Who should set the price of booze?

Yes, the SNP’s minimum-pricing law is illiberal, but the EU’s challenge to it is undemocratic.

Rob Lyons

Topics Brexit Politics

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Last week it was revealed that some EU countries have raised objections to Scotland’s plan to introduce minimum pricing for alcohol. On one level, this is good news: it calls into question an illiberal law. However, it also highlights a bigger problem: the way in which the EU and its rules can be used to subvert the will of democratically elected governments.

The Scottish National Party (SNP) government in Edinburgh has been trying to introduce minimum pricing for alcohol since 2009. Having won an overall majority in the Holyrood parliament in 2011, the SNP was able to push through the measure in May 2012. The new law, Alcohol (Minimum Pricing) (Scotland) Act) 2012, sets a minimum price of 50 pence per unit of alcohol. So a bottle of wine would cost at least £4.50, and a bottle of whisky at least £14. The biggest effect would be seen on strong, cheap drinks, like some ciders, which might double in price.

The aim is to reduce problem drinking, but this is a thoroughly illiberal law that would impose a cost on everyone who wants to have an inexpensive drink, while having little impact on problem drinkers. The law is presented as a compromise that is better than banning certain drinks, yet it still amounts to the government and its public-health cheerleaders forcing a large section of society to make choices that we would not otherwise need to make. You don’t need to be a hardened alcoholic to want a cheap tipple. Also, the law is clearly aimed at poorer people; the middle-class dypsomaniac will be able to carry on knocking back good claret or Tanqueray and tonic to his or her heart’s content.

But minimum pricing in Scotland may be stillborn thanks to EU single-market rules. According to a report by BBC Scotland, five European wine-producing countries – France, Spain, Italy, Portugal and Bulgaria – have lodged objections to Scotland’s plan, while one (Ireland) has offered support. The basis of the objection is that while countries may restrict goods on health grounds, health cannot be used as a ‘means of arbitrary discrimination or a disguised restriction on trade between member states’. Clearly, the purveyors of low-priced plonk would suffer if prices were hiked thanks to minimum pricing.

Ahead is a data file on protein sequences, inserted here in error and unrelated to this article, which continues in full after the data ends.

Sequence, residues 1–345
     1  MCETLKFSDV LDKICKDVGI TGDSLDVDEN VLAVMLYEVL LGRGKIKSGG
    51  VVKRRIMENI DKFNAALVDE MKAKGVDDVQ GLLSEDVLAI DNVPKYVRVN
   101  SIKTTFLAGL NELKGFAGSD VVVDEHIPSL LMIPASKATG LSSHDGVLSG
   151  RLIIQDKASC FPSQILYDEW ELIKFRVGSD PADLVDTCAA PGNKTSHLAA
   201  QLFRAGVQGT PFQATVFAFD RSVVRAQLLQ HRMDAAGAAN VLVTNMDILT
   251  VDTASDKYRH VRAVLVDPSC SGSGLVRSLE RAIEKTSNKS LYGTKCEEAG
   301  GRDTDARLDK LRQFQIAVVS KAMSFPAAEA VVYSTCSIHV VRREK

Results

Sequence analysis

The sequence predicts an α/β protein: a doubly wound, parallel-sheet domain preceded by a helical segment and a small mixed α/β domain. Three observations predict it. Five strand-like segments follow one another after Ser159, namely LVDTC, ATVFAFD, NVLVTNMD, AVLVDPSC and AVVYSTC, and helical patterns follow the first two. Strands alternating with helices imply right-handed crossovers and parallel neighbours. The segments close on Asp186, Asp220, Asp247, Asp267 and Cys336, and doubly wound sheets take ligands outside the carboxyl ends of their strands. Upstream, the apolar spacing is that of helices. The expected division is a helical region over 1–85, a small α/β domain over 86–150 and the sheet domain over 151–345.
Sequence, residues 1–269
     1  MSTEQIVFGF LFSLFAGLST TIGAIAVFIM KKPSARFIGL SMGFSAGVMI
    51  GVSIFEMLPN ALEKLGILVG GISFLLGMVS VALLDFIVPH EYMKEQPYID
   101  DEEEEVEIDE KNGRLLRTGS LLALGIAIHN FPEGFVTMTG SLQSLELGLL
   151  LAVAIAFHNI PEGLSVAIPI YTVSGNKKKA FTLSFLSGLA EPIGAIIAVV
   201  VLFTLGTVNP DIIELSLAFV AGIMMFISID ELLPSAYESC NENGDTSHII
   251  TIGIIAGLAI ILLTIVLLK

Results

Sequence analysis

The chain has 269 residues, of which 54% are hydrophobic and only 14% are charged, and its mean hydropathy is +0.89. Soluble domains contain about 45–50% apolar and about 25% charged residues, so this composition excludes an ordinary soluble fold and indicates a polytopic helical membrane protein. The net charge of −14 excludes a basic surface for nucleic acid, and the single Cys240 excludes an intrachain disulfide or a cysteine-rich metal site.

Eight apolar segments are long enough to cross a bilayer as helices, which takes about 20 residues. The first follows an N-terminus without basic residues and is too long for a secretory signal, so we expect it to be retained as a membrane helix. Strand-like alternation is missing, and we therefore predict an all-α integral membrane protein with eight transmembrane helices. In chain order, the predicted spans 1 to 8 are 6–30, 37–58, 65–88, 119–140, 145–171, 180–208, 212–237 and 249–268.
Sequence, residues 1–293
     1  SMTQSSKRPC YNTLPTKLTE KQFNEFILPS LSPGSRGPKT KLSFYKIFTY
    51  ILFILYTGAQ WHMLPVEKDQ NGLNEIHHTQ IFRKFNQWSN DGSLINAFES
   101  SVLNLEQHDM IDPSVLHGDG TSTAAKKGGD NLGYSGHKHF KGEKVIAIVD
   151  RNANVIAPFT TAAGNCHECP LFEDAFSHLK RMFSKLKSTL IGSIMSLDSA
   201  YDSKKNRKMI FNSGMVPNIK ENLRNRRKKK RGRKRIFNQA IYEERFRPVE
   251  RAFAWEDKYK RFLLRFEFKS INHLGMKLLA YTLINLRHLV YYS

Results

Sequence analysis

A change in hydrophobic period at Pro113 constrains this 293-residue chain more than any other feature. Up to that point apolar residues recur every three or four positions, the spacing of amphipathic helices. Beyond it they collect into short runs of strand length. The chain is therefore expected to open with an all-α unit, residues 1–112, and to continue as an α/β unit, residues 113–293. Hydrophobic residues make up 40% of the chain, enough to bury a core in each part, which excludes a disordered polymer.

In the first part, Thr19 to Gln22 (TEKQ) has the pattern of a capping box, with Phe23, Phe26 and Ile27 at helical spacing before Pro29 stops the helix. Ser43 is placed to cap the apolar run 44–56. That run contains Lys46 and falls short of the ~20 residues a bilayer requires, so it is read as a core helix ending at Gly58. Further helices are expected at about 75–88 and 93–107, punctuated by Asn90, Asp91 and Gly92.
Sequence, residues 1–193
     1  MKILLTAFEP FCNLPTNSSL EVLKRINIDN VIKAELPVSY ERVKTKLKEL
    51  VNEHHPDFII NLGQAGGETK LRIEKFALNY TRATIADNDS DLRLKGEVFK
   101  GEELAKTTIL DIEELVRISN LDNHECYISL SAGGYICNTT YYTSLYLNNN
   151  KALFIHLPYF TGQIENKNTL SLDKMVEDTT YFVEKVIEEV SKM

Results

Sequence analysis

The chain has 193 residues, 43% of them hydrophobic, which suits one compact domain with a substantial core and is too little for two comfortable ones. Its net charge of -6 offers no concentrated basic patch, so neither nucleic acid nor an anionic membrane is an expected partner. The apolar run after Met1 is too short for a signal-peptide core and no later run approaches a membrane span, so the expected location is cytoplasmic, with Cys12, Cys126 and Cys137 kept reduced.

Opponents of minimum pricing have known this all along and a legal battle within the EU and in Europe’s courts is bound to follow. But this is no cause for celebration, because employing these single-market rules to oppose minimum pricing seems just as arbitrary and undemocratic as using health grounds in other situations to circumvent single-market rules. In other words, laws that were designed to create a fair playing field for trade between countries are being used to protect a certain section of producers and to undermine an elected government’s policies. It could equally be argued that setting a minimum unit price removes the hodge-podge of different rates of alcohol duty for wine, beer, cider and spirits and sets a common measure for them all.

Unlike some of the other bans and restrictions placed on our bad habits, like the ban on smoking in ‘public’ places introduced in 2007 in England, it was very clear to voters in Scotland that this was SNP policy. The Edinburgh government has a mandate for this policy, no matter how bad an idea it may be.

For the EU to step in and prevent the SNP from enforcing the law might be good news for drinkers, but it is bad news for democracy. If minimum pricing is prevented, it will be thanks to Eurocrats and unelected judges acting directly in contravention of the desires of elected politicians.

We at spiked have long argued that the lifestyle manipulation that has become so fashionable among politicians in recent years is an affront to the notion of personal autonomy, and it should be opposed as strongly as possible. But to accept that the thoroughly undemocratic EU has the right to veto the will of elected representatives is every bit as poisonous as the notion that the government has the right to decide what is best for us.

Rob Lyons is commissioning editor of spiked.

To enquire about republishing spiked’s content, a right to reply or to request a correction, please contact the managing editor, Viv Regan.

Topics Brexit Politics


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